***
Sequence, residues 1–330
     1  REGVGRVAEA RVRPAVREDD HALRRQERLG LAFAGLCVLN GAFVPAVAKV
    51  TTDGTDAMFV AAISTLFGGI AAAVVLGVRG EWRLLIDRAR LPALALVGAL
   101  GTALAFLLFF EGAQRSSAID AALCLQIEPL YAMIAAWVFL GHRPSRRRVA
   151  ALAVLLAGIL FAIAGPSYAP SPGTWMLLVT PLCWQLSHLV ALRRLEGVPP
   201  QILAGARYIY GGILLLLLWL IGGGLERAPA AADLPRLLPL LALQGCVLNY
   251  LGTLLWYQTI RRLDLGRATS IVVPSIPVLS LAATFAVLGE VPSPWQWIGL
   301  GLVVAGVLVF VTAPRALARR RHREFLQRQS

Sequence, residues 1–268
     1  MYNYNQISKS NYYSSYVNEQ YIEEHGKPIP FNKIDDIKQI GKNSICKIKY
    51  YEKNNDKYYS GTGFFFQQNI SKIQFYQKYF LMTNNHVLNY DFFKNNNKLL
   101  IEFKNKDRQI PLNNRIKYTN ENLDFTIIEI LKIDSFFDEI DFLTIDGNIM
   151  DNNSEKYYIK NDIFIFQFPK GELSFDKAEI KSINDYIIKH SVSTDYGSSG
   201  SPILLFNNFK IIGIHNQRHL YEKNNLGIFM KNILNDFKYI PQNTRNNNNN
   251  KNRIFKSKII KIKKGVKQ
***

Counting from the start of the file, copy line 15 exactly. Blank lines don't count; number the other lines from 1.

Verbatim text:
   251  KNRIFKSKII KIKKGVKQ